Vice President Pence calls on European leaders to recognize Venezuela’s opposition leader

Sean Gallup/Getty Images(MUNICH) — As tension in Venezuela continues to escalate, Vice President Mike Pence took the stage at the Munich Security Conference in Germany Saturday to call on European nations to stand by the United States in recognizing Venezuelan opposition leader Juan Guaido as the country’s president.

“The struggle in Venezuela is between dictatorship and democracy. Nicolas Maduro is a dictator with no legitimate claim to power, and Nicolas Maduro must go,” Pence said, referring to Venezuela’s president.

Pence, who has been heavily involved in the Trump administration’s efforts to resolve the ongoing tension in Venezuela, called for European allies to do more.

“Now, it’s time for the rest of the world to step forward,” he stated.

Over the past few weeks, the Trump administration has challenged Maduro’s claim to the presidency and instead recognized Guaido as the country’s leader, amid sustained and at times violent protests.

Pence told reporters that USAID is working closely with Guaido to make sure humanitarian aid gets to those suffering in the country.

“I know that USAID officials have been working very closely with Juan Guaido to ensure that the humanitarian aid that has already been delivered, additional aid that is in route from the United States and other countries is positioned in a place where we will be able to move it into Venezuela to assist the families that are struggling there,” Pence said.

Pence, who held a roundtable discussion earlier this month with exiles from Venezuela in Florida, has vowed to continue to apply pressure “until the suffering is over and freedom is restored.”

On Friday, the U.S. Treasury announced it is sanctioning five top Venezuelan officials as it seeks to tighten the hold on Maduro and his government and force the socialist leader to resign.

Maduro, meanwhile, told the Associated Press this week that his government has had secret talks with the United States. He also told the wire service he expects to survive the increasing calls for him step down.

The president also said his foreign minister Elliott Abrams, the Washington-based special envoy for Venezuela, to visit the country.

“If he wants to meet, just tell me when, where and how and I’ll be there,” Maduro said without providing more details, according to the AP.

The Munich Security Conference brings together more than 450 senior leaders from all over the world including presidents, ministers and heads of states.

As Pence spoke, there were familiar faces in the audience. The largest U.S. congressional delegation traveled to Munich to attend the conference, including some prominent skeptics of Trump’s national emergency declaration.

Among those attending were South Carolina Sen. Lindsey Graham and Speaker of the House Nancy Pelosi, whom Pence recognized at the top of his remarks.

President Donald Trump met with Colombian President Ivan Duque Marquez on Thursday to discuss what they called “the democratic and humanitarian crisis in Venezuela.”

The United States and Colombia vowed to work together with Guaido to provide aid to Venezuelans in need and to “restore, freedom, democracy, and prosperity,” according to White House statement.

When asked if the White House is considering military action in the country, Trump replied he is looking at “a number of different options.”

The president is expected to travel to Florida on Monday to continue to express support for Venezuela.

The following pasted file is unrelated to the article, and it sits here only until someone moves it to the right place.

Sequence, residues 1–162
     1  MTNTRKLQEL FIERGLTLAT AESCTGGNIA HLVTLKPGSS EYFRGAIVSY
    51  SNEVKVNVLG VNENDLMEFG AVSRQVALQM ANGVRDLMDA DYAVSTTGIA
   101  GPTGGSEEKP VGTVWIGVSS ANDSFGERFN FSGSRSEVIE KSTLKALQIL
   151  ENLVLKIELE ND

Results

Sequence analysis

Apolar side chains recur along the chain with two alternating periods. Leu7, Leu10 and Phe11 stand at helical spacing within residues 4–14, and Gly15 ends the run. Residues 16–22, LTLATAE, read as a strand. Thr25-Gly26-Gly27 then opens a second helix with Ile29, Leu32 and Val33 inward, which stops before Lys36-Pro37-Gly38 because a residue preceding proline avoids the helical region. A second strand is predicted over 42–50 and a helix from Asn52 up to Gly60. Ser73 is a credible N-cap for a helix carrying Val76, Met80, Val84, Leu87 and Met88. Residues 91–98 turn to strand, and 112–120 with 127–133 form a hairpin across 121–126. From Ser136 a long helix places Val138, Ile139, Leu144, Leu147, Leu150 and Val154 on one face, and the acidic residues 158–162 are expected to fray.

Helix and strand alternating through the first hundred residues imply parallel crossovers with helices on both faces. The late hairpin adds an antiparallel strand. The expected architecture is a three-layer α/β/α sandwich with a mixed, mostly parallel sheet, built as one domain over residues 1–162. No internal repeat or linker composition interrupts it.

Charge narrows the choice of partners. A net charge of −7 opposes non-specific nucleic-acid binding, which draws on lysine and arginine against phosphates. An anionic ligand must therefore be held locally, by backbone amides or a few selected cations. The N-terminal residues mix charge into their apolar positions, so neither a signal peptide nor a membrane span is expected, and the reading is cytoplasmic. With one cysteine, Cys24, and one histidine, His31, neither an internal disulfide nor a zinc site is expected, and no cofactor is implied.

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Brexit ‘preppers’ stockpiling supplies in case of a doomsday ‘no-deal’

ABC News(LONDON) —  Britain is due to leave the European Union on March 29, but with less than two months to go, the country’s future is more uncertain than ever. Lawmakers have been unable to agree on the terms of Brexit, and there are growing fears that the U.K. could leave the E.U. without a deal, which many experts and business leaders say could have disastrous economic consequences. In such a confusing and chaotic political landscape, a growing number of people in the U.K. are taking matters into their own hands by becoming Brexit “preppers” — stockpiling foods and medicines in their own homes in case of the hardship of a “no-deal Brexit.”

Graham Hughes, a travel writer based in northeast England, began stockpiling last summer as it became increasingly clear that politicians seemed no closer to finding a solution to the Brexit problems.

“I started stockpiling last summer, because it was getting to the point where the government still didn’t seem to know what it was playing at and how things were going to unfold,” he told ABC News. “And we are an island nation, we are completely reliant on food coming in.”

Graham is a Guinness World Record holder for visiting every country in the world without using a plane. He has a degree in politics and is not a naturally cautious person, he said. But Graham has now amassed at least a few months supply of canned foods, hygienic products and ordinary medicines.

As news reports regularly come out warning of the impact of a no-deal Brexit, he felt it was necessary to begin stockpiling extra food with his partner and her two children.

The BBC reported last month that pharmacists are struggling to obtain many common medicines. Farming leaders told the government a “no-deal” would be “catastrophic” for U.K. food supplies, according to The Guardian. The Times also reported that officials are considering plans to declare a state of emergency and introduce martial law in the event of “no-deal” last month.

“It’s painful. And for a government to do this it’s cruel,” Hughes said. “To say to every company in the United Kingdom, every individual, ‘Do you know what, in two months’ time we don’t know what’s going to happen, but we’re hoping for the best.’ That’s just not good enough.”